February 08, 2005
First time tragedy, second time farce. Fifth time? Judging from Takashi Shimizu's The Grudge, by then you know what you're doing. The Japanese director has essentially been recycling the same eerie ghost story since 2000, first in two installments made for Japan's video market (entitled Ju-On and Ju-On 2), then in two theatrical-release remakes (Ju-On: The Grudge and Ju-On: The Grudge 2), and now in a Hollywood-produced English-language version, The Grudge, just released on video.
January 18, 2005
The Hong Kong crime thriller Infernal Affairs begins with a Buddhist epigram, though not a particularly memorable one (something about "Continuous Hell" being the worst of the eight hells).
January 11, 2005
In 1999 it looked as though American filmmaking might be on the cusp of an exciting period not unlike the Coppola-Scorsese-Allen 1970s, with several original young directors coming into their own at once. That year, fortyish David O.
January 04, 2005
Reality is in, and not just on network TV. In indie filmmaking, too, there has been a shift away from the Tarantino- and Coens-influenced comic experimentalism of the 1990s toward simpler narratives told with a minimum of cinematic trickery.
December 21, 2004
Jack and Hank are professors at a small college in rural Oregon, and they are best friends. Jack is sleeping with Hank's wife, Edith. Hank seems to know this and seems not to mind. In part this is because he wants to sleep with Jack's wife, Terry, who is also Edith's best friend. Not only does Jack not mind, he goes out of his way to push Terry into Hank's arms. Ah, academic life. Not that anyone much enjoys themselves.
December 07, 2004
When Spider-Man hit theaters in the spring of 2002, I thought it had distilled the perfect formula for cinema superheroics, a careful blend of in-costume action and out-of-costume drama, seasoned with a dash of unrequited adolescent longing and liberal portions of Tobey Maguire's insistent adorability. There was no reason to doubt that the recipe would work equally well in a sequel. Clearly, the filmmakers also felt they had found a replicable formula; they just took the idea a little more literally.
A Tale of Two Movies
November 30, 2004
Quentin Tarantino may have found his future vocation. His once shining career as a director clouded over a tad when Jackie Brown revealed his insistence on casting B-movie stars of the 1970s and his unwillingness to edit his work to a manageable length. The Kill Bill movies confirmed both directorial tendencies while also raising questions about whether Tarantino still knows how to write a screenplay. But now, with Hero, the door may have opened onto a new career path: impresario. "Quentin Tarantino Presents," the box cover of the Chinese kung fu epic announces in large type above the title.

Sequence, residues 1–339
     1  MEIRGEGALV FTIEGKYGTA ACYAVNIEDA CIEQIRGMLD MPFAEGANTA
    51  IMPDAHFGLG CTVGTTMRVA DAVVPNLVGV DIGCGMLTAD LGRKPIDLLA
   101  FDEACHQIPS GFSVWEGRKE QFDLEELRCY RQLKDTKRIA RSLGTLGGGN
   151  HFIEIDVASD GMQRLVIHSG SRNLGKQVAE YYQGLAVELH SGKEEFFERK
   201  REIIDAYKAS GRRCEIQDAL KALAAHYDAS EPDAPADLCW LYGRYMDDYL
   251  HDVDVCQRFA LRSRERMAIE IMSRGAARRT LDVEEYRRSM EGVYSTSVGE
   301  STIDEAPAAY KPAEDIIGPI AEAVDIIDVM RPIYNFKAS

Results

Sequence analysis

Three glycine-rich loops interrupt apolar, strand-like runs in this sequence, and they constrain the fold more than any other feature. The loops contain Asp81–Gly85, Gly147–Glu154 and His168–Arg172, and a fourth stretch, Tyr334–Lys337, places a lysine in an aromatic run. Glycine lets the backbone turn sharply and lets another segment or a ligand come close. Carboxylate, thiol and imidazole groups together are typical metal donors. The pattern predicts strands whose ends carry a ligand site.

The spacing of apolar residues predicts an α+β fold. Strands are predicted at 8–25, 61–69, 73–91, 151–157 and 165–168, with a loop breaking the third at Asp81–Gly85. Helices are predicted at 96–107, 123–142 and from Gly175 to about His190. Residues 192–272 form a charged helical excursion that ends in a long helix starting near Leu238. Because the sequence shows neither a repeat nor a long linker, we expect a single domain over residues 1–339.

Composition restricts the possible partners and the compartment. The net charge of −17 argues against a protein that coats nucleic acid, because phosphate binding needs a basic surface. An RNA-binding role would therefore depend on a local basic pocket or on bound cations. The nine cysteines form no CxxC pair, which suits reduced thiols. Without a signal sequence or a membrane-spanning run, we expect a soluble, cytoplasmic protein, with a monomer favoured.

November 23, 2004
I suspect I am not the only person who was a bit surprised when it was first announced that Alfonso Cuarón had been signed to direct Harry Potter and the Prisoner of Azkaban, the third film adaptation of J.K. Rowling's (deservedly) ubiquitous novels. Yes, the Mexican-born director had helmed A Little Princess, a movie featuring a young protagonist who, like Harry, had lost her parents. But he had more recently (and more famously) directed Y Tu Mama Tambien, a sexually explicit film about the relationship between two teenage boys and an older woman.
August 10, 2004
Well, at least we find out how it ends. After two installments and four hours of running time, Kill Bill finally reveals whether it will fulfill the promise of its title. Now we can all move on. Regular readers may recall that I was not fond of Volume 1 of Quentin Tarantino's epic homage to kung fu movies, spaghetti westerns, and Uma Thurman's feet. The good news is that there is less to dislike in Kill Bill Volume 2--no parents casually murdered in front of their children, no jokes about pedophilia or raping the comatose, a vastly diminished body count.
A Big Thud
July 20, 2004
Elmore Leonard is perhaps the most cinematic novelist writing in the English language.